After 14 years of development, Kaspersky Lab, the company notorious for its anti-virus software among others, finally completed building a secure operating system of their own.
According to Eugene Kaspersky, CEO and founder of Kaspersky Lab, last week the company marked a special day “when the first commercially available mass market hardware device based [on] our own secure operating system landed on my desk.”
The device Eugene referring to is a layer 3 switch, a device similar in functionality to an Internet router only it operates a bit differently, is the first to run Kaspersky OS as its operating system yet it won’t be the last, says Eugene.
The operating system itself is based on a microkernel architecture approach meaning, the kernel, which is the core part of the operating system responsible for communicating with the hardware, is comprised of the near-minimum amount of software needed to provide the functionality that the OS it runs needs.
Microkernels, at least in theory, are supposed to be capable of delivering very high security level, not only due to being small in size – which means smaller attack surface, but also due to the inherent design they carry by moving much of the ‘system space’ functionality – that traditionally been delegated to the kernel – to ‘user-space’.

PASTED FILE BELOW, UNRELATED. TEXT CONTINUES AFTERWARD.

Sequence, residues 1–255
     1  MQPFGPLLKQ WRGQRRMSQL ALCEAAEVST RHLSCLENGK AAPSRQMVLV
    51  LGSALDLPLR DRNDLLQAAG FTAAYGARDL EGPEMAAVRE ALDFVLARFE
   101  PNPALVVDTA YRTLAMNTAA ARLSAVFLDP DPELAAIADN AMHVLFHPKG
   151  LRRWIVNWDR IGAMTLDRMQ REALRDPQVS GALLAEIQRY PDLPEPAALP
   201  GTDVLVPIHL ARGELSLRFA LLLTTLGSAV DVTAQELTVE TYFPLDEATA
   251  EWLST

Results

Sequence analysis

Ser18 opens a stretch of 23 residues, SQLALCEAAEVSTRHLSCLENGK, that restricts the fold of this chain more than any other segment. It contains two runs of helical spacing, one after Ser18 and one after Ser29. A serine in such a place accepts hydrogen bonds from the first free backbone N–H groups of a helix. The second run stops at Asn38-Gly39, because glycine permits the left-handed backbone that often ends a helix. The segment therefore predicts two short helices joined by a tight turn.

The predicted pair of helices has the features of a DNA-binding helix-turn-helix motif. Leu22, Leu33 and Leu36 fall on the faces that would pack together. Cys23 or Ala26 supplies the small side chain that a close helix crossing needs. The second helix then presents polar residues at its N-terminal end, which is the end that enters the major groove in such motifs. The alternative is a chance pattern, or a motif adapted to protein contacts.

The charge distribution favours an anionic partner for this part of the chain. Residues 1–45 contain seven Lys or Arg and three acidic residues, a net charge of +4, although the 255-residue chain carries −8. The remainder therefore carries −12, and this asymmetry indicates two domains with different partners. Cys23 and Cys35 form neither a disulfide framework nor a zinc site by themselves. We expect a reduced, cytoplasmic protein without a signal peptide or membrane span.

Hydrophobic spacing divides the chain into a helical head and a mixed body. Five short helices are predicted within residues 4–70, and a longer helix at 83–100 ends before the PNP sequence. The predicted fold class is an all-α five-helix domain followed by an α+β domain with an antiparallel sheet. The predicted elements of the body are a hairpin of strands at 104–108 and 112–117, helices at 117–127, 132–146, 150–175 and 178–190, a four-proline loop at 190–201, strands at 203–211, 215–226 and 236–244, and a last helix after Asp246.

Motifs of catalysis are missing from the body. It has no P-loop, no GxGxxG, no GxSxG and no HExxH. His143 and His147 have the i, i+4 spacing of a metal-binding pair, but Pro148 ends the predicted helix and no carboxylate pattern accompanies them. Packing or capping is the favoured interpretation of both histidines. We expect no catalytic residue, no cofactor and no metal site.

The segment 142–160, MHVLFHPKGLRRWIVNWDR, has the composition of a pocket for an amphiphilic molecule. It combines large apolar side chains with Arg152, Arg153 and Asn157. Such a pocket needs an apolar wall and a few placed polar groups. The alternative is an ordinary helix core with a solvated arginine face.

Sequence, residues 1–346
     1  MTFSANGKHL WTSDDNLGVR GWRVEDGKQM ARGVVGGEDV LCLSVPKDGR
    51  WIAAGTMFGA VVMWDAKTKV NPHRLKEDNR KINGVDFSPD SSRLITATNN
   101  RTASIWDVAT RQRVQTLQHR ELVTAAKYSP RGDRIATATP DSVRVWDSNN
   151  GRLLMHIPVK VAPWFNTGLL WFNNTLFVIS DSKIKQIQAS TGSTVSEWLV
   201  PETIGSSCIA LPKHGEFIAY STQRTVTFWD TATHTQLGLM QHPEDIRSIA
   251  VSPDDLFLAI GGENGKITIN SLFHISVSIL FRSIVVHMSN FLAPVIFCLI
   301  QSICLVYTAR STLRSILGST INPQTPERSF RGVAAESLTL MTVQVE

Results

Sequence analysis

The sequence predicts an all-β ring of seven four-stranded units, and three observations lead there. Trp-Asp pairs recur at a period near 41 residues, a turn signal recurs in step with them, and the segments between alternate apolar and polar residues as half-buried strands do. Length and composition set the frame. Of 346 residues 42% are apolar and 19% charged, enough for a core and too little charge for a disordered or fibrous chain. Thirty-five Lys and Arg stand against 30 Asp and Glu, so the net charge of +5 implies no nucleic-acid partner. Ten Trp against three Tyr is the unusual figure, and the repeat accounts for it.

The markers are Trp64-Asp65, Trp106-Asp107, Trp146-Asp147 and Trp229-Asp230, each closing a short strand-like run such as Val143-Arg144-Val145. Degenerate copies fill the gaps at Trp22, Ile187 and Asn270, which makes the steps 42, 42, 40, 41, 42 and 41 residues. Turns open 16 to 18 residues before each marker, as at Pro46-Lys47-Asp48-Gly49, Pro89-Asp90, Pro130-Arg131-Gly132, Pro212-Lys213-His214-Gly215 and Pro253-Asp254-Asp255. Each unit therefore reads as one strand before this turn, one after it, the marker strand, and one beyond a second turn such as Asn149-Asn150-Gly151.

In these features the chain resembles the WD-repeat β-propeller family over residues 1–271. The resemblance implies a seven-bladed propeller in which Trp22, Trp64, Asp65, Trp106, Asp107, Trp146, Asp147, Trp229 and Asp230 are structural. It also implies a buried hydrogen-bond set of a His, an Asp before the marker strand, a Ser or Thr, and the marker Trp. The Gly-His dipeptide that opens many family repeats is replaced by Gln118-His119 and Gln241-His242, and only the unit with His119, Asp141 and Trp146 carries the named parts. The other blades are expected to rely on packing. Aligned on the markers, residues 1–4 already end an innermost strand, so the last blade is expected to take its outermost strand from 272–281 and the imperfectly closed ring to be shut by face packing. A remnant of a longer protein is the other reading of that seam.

Therefore, it’s not surprising why Kaspersky decided to embrace that approach.
The drawbacks of such secure design on the other hand, are said to be in the performance area where monolithic kernels, such as Linux for example, usually shines. As Wikipedia puts it, more software for interfacing is required by microkernels, thus there’s a potential for performance loss.
Why Not Linux?
Although Linux has been the primary go-to kernel for most modern projects (Android, Chrome OS, SteamOS, etc), as noted, Kaspersky decided to start from scratch instead of going with the flow.
The rational behind the decision, Eugene explains:
“not even the slightest smell of Linux. All the popular operating systems aren’t designed with security in mind, so it’s simpler and safer to start from the ground up and do everything correctly. Which is just what we did.”
From that point of view, the decision certainly makes sense.
It’ll be interesting to see in the future how the new operating system will affect Linux status with regards to embedded devices, especially in light of the latest events where those (embedded devices) were used to execute malware attacks.